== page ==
Pharyngula

A defining issue

James Trumm has a single issue, one that trumps all the others in the election booth, and I have to agree with him. It’s a kind of signal flare that says the person advocating it is a total loon and not to be trusted on anything.

That issue is creationism.

I will never vote for anyone who favors creationism, no matter how commendable their position on other matters. Trumm makes a good case:

Evolution is the canary in the coal mine of enlightenment, of science, of reality itself. When it finds it hard to breathe, that is a clear sign that the atmosphere has become toxic. Again, Chris Hedges, from his new book, American Fascists:

The goal of creationism is not to offer an alternative. Its goal is the destruction of the core values of the open society–the ability to think for oneself, to draw independent conclusions, to express dissent when judgment and common sense tell you something is wrong, to be self-critical, to challenge authority, to advocate for change and to accept that there are other views, different ways of being, that are morally and socially acceptable.

This, then, is my single issue, and why Mike Huckabee will only get scorn from me.

Don’t get me wrong—no one is going to get my vote simply because they accept evolution—but someone who does not is suffering from the rot of ignorance, and they won’t be getting my support.

Comments

  1. #1 Jen
    January 31, 2007

    I agree. I wonder how long it will be before someone accuses you of being “close minded” though, and ignoring other issues for just one issue.

    What some people don’t understand that it’s not simply agreement with evolution itself that is important–it’s not like you’re just supporting only those who agree with your pet theory–but the thought process that leads you to that agreement.. When someone lets their ideology so permeate their logic that they can ignore the mountains of evidence of favor in evolution, that simply doesn’t speak well of their rationality in other areas.

    After all, people wouldn’t think you were bigoted if you stated you wouldn’t support a candidate that didn’t “believe in” gravity. They’d rightly think he was a nutjob, and wonder how his irrationality would affect his other issues. But many people don’t see that connection.

  2. #2 Mike Haubrich
    January 31, 2007

    As a gradualist, I could never vote for a punk-eek’er.

  3. #3 Rupert
    January 31, 2007

    Any form of fundamentalism trips my wire.

    That’s not a belief in fundamentals – I have a few myself, and would distrust the basic humanity of anyone who didn’t – but in the more precise formulation, a fixed belief in a fundamental text or texts.

    The overwhelming majority of creationists I’ve encountered have that, of course, with the tiny remainder being contrarian kooks, but you can find plenty of other examples. I would distrust any physicist who said “Einstein wrote that, and there’s an end to it”: it’s also the basis for my constantly renewed cynicism about the output of press relations operatives and marketing executives. They take a given and then explain why it’s true in spite of any contradictions.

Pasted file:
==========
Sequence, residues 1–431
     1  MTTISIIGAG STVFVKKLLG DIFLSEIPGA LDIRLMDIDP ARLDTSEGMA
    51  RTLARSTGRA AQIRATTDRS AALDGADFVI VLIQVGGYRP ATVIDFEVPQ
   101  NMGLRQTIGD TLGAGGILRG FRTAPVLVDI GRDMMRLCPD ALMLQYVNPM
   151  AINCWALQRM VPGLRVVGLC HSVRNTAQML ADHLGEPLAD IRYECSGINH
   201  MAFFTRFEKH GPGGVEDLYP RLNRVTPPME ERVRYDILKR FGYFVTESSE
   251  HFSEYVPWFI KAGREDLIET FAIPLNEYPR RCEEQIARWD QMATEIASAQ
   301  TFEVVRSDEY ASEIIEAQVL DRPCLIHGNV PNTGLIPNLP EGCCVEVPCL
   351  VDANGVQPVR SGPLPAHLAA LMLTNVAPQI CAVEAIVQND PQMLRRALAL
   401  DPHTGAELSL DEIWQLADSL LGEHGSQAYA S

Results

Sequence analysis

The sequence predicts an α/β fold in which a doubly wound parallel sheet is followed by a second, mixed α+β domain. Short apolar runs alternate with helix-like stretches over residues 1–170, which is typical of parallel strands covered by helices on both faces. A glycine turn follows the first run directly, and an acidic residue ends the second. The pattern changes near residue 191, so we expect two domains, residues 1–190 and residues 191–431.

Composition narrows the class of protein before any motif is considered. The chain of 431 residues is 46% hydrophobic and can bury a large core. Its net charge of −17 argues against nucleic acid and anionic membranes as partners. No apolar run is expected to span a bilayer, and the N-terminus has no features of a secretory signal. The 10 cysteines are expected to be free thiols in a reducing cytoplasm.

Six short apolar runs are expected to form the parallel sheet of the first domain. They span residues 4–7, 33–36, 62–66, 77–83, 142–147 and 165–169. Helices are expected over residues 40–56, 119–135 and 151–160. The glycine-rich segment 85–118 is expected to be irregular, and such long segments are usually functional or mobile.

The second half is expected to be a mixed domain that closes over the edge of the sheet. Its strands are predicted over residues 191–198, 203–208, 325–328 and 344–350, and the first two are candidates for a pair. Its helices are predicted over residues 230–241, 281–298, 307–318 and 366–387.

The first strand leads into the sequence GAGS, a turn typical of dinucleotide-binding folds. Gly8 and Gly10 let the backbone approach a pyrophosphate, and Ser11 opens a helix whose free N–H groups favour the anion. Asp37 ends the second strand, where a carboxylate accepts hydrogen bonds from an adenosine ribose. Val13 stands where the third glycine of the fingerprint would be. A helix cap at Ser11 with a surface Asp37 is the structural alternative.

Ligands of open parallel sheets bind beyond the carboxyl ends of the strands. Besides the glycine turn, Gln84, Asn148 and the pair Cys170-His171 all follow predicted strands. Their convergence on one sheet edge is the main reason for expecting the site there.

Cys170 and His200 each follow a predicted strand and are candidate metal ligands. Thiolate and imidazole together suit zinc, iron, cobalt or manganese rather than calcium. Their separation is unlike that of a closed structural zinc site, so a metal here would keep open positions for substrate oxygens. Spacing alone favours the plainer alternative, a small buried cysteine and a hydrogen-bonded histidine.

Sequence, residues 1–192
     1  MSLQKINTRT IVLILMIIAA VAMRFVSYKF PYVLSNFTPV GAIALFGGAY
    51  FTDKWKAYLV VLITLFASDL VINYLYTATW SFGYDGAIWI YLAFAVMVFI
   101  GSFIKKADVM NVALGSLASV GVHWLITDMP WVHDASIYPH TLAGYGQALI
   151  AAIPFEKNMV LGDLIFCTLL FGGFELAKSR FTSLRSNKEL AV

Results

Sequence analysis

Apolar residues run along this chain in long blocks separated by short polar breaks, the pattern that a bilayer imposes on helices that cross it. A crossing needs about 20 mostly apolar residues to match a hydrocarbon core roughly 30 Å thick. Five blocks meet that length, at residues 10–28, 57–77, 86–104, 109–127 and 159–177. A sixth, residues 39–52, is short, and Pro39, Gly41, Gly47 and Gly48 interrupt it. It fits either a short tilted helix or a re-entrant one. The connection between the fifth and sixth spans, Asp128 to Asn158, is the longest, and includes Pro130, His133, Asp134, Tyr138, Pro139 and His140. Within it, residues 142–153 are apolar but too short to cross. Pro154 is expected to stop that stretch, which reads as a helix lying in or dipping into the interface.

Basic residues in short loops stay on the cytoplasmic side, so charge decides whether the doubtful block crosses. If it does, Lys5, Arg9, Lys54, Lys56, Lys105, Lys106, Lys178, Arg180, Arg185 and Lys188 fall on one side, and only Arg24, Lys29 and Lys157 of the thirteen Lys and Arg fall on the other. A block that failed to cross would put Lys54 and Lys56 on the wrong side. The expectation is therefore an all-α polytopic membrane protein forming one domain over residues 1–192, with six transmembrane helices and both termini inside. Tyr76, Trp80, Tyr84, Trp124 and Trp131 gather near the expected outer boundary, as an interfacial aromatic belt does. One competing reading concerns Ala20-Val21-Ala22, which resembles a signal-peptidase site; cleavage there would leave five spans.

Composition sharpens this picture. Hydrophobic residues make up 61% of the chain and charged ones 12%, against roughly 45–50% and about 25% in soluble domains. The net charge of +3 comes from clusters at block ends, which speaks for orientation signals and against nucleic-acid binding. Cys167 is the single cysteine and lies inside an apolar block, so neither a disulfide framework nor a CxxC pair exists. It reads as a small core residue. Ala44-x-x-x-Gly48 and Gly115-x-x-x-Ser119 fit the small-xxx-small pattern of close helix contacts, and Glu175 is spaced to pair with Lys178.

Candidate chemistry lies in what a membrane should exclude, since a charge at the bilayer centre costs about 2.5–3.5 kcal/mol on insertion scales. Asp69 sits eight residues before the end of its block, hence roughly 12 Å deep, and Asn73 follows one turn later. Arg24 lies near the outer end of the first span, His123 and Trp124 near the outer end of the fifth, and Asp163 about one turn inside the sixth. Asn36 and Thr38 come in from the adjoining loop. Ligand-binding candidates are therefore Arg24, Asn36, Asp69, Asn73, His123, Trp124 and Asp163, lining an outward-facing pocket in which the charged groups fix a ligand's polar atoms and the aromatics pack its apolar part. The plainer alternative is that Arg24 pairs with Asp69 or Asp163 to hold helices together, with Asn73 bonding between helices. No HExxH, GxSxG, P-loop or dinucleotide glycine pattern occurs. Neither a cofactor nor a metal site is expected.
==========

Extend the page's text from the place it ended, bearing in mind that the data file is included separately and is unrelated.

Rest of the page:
It’s also why I can’t share PZ’s uncompromising hostility towards religion. I know and admire many people who are religious without being fundamentalists – people who can appreciate the many truths about the mysterious business of being human which religion contains, but don’t mistake the bottle for the contents themselves.

    But fundamentalism? It’s the enemy of the light.

    If you can’t say “But what if I’m wrong?” and mean it, you’ve abdicated your responsibility.

    R

  4. #4 Great White Wonder
    January 31, 2007

    Huckabee is a creationist? That’s pathetic. Say goodnite to another Southern Retard.

  5. #5 j
    January 31, 2007

    While I agree that one should not vote for candidates that support the teaching of creationism alongside evolution in public schools, I wonder if it is even possible to eliminate all candidates that believe in some form of creationism. That would narrow the field of ’08 presidential candidates to nobody, would it not?

  6. #6 j
    January 31, 2007

    By “eliminate all,” I meant “not vote for any.” Sorry for the poor word choice.

  7. #7 Fatboy
    January 31, 2007

    j kinda nailed it. I’d like to be able to exclude all candidates that support creationism, but the reality of it is that that may exclude all candidates in certain elections (I live in TX). Front loading and theistic evolution don’t really bother me so much, though. It’s belief in special creation that really requires ignoring all evidence.

  8. #8 J Daley
    January 31, 2007

    What about candidates who accept evolution but reject welcoming our Squid Overlords? I don’t think they can be trusted with anything, either.

  9. #9 Coragyps
    January 31, 2007

    Look over here:
    http://www.sciencemag.org/cgi/data/315/5809/187a/DC1/1

    Self-identified “conservatives” are about half as likely to accept the statement “Human beings evolved from earlier species of animals” as liberals are. Religious leaning is in there, too.

  10. #10 Paul D
    January 31, 2007